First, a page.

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Marathon Bombing: Issues to Watch
By J.M. Berger
The Boston Marathon bombing will have consequences in the weeks, months and years to come. I plan to write about some of these points at more length, as time allows, but I wanted to briefly outline a couple of the most significant issues raised by the attack so we can start thinking and talking about them.
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Views expressed on INTELWIRE are those of the author alone.
- Budgets: Most people working in counterterrorism studies have seen training and research money dry up pretty significantly over the last two years in the United States, especially relation to Islamist and Al Qaeda-inspired terrorism. The Boston bombing may or may not herald a change in the tempo, effectiveness or essential nature of the homeland terrorist threat, but will it change the budget dynamics? Should it?
- Focus: Not unrelated to the first point, many people who study terrorism and extremism have, over the last two years, refocused on the prospect of domestic right-wing terrorism as the "next big thing." This was reflected in the widespread speculation about right-wing attribution of the attack in the early hours and well into the week. We were only beginning to see a commitment to the study of non-Muslim domestic extremism from academia, credible NGOs and the private sector. Will those studies -- which I think are important -- be sidetracked by the attribution of this attack? If they continue, will they continue to be confined only to "right wing" extremism? Or will all of this remain a cobwebbed corner of the research world until something terrible happens, and everyone asks why nobody saw it coming?
- Attribution and the definition of terrorism: The question of attributing the Marathon bombing ran hot last week, with a lot of rampant speculation in the media based on little or no information, blaming a number of possible motivations and even speculating the bombing was not political. With a suspect captured alive and additional information flowing in rapidly, it looks like we'll get some answers to these questions in the weeks ahead, but we still haven't figured out how to handle cases where attribution is weak or absent -- for example, the 2012 Sikh temple shooting in which an avowed white supremacist carried out a mass shooting against non-whites, but without leaving a statement of his purpose or any particular clues as to his motivation (aside from being a white supremacist). Given the events of the last 18 months, it's increasingly clear we need to define what is terrorism and why, so that we can craft consistent policy responses.
- The definition of Al Qaeda: Sorry to be a broken record on this, but we still haven't fixed the problem I've been talking about for years now -- what is Al Qaeda, what isn't, and how do those definitions affect policy and counterterrorism strategy? News coverage and speculation about the attacks this week highlighted this continuing problem, and it was further emphasized as the media rushed to try to figure out exactly what a Chechen jihadist is and whether it has to do with Al Qaeda. We need a clear consensus definition of Al Qaeda, so that we can craft consistent strategies and policies. Until then, we will continue to flail around every time a counterterrorism issue arises.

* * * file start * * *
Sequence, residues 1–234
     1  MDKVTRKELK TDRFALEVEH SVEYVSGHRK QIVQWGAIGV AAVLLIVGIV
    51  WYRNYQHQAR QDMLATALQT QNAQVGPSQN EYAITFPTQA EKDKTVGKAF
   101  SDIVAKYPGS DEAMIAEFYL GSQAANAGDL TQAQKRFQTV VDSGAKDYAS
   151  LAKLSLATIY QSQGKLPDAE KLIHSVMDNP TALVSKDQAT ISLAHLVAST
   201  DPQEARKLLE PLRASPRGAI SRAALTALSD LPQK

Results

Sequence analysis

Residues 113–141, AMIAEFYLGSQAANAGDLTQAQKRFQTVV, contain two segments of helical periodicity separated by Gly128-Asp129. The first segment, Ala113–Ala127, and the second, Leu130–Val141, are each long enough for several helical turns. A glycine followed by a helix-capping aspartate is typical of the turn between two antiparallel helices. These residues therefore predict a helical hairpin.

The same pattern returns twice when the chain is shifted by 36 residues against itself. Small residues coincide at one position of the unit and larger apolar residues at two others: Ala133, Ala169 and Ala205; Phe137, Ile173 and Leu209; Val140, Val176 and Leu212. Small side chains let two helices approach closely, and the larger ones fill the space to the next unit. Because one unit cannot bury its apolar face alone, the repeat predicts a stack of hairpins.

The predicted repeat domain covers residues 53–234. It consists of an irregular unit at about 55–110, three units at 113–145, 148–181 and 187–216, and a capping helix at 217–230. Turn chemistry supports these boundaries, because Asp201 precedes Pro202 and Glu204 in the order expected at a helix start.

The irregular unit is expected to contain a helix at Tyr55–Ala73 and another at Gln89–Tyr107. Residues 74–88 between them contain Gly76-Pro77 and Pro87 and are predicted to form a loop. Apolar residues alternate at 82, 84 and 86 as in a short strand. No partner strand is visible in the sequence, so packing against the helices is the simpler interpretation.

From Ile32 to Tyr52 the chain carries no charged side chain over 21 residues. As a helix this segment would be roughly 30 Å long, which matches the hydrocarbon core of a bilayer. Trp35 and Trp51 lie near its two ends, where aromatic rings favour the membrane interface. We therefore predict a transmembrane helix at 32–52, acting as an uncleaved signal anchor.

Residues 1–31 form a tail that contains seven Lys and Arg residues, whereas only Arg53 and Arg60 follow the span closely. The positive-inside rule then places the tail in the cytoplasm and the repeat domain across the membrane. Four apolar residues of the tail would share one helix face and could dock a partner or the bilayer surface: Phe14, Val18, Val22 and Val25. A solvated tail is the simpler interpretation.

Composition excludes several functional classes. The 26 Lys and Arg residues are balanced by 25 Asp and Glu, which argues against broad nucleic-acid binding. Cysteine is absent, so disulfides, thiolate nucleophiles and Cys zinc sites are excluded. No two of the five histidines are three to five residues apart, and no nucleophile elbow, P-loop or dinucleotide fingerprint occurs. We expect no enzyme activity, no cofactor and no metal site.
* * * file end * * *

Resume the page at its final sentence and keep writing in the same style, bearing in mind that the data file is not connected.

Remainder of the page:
- The mainstreaming of conspiracy culture: We entered a brave new world last week when a reporter from the conspiracy Web site Infowars trolled CNN's live coverage with a bullhorn and crashed not one but two press conferences related to the bombing with questions about whether the attack was a "false flag" (meaning it was staged by the government to justify draconian security measures). Infowars and sites like it are increasingly driving chatter and defining world views among domestic extremists on both the right and the left, but there's very little study of this issue and very little understanding of how conspiracy theories, whether specific or generalized, do or do not relate to extremism and the prospect of violence. It's time to start shining a light on this issue.
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ISIS: THE STATE
Jessica Stern and J.M. Berger co-author the forthcoming book, "ISIS: The State of Terror," from Ecco, an imprint of HarperCollins. The book, which will debut in early 2015, will examine the rise of the Islamic State in Iraq and Syria, its potential fall, how it is transforming the nature of extremist movements, and how we should evaluate the threat it presents. Jessica Stern is a Harvard lecturer on terrorism and the author of the seminal text Terror in the Name of God: Why Religious Militants Kill. J.M. Berger is author of the definitive book on American jihadists, Jihad Joe: Americans Who Go to War in the Name of Islam, a frequent contributor to Foreign Policy, and editor of Intelwire.com.
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